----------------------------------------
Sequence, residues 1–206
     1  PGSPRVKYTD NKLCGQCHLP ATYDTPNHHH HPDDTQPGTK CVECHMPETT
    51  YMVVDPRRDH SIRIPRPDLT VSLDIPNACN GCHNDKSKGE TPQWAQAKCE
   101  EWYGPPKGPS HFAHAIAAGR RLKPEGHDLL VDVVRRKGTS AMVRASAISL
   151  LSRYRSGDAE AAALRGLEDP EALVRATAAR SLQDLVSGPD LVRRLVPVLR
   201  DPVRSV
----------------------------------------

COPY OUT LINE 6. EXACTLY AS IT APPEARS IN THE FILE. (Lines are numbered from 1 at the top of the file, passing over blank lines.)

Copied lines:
   201  DPVRSV